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The bomb blast ignited the hut's roof. Flaming thatch fell into a foxhole full of cowering children. A young brother and sister died horribly, and six more children suffered terrible burns. These children were among the thousands of casualties of a months-long indiscriminate bombing campaign that the Sudanese government carried out in that country's southern Nuba Mountains this past spring -- supposedly to attack rebel guerrillas. We have yet to see a single report in Canadian media about this horror. The shocking absence of this story in our news highlights a worrying trend: the decline of foreign reporting.
In a moment of boredom, two teens in Lanark County, Ont., smash their way into a hardware store and help themselves to the goods. Police nabbed the pair soon after. But instead of going before judge and jury, the teens faced their victims in a citizen-run "restorative justice" forum. It's an approach that's gaining popularity across Canada, showing there's more than one way to be tough on crime.
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Many believe entrepreneurial spirit and skills can't be taught. Certainly that was the opinion of one of Craig's MBA professors. "Either you've got it or you don't," he once opined to Craig. We disagree. You can teach entrepreneurship, and you might be surprised how -- through volunteering and being active in social causes.
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According to the most recent Canadian census, Canada has more than one million Muslims citizens--they're our country's fastest growing religious population.. Yet sadly, when we searched Canadian news using the keywords "young Muslim," seven of the top 10 articles that came up concerned violence and radicalism.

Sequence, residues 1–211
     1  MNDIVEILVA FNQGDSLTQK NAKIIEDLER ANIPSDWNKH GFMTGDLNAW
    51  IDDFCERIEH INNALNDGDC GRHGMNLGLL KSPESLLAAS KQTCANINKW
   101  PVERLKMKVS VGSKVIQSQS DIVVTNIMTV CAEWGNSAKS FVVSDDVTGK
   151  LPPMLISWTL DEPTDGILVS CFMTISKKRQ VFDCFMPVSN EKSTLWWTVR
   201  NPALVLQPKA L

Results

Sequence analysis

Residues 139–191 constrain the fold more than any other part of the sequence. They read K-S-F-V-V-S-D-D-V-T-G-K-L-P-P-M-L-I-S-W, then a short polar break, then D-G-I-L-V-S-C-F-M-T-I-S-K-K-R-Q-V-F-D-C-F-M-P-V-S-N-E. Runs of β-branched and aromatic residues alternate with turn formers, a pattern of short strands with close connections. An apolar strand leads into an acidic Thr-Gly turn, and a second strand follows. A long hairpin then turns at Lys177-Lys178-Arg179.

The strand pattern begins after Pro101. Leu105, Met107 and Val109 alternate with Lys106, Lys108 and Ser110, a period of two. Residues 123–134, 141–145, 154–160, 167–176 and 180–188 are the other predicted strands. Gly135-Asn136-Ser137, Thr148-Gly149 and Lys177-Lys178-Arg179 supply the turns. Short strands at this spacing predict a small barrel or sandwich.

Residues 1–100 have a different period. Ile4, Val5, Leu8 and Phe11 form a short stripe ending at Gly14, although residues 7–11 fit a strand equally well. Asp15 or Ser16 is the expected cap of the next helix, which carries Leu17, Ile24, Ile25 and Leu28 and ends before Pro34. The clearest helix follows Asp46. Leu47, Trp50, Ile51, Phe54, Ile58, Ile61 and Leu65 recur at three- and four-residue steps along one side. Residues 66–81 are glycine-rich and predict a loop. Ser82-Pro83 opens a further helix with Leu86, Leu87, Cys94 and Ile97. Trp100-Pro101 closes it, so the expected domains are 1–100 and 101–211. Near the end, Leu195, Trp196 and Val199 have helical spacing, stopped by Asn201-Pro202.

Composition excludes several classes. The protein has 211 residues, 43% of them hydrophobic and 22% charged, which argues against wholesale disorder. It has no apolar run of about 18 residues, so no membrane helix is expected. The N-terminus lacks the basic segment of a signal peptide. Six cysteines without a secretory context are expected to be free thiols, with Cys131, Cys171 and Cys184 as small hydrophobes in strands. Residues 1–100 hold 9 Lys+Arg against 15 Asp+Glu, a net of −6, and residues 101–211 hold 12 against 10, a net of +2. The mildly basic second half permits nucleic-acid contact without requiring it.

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Access to water is one of the biggest challenges facing the planet today. We have to address the underlying causes, like climate change, overconsumption, waste and pollution. However, that alone won't overcome the problem -- not in time for millions of people in need of fresh water. Fortunately there's some incredible technology emerging to recycle or create new sources of water--dowsing rods for the 21st Century. eventy-one per cent of the world's surface is covered by water. But the vast majority of that is ocean--salt water we can neither drink nor use to irrigate our crops.
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Home to 60 per cent of the world's lakes, we are a nation with water at its heart. But some thought leaders say Canadians are losing an awareness of, and passion for, our water resources. It's a connection we need to rekindle for our country to successfully tackle some serious threats to the treasure that is our water supply.
Canada offered asylum to a mere 11,000 of the millions of displaced Syrians. Even then, an Ekos poll in March found that 46 per cent of Canadians still feel Canada is accepting too many immigrants and refugees. A poll last year found 42 per cent believe refugees should not be given the same level of health care as Canadian citizens. We don't understand this hardening attitude. Refugees like Nisreen's family aren't criminals or freeloaders. We are just like them. But for the grace of God we could be them.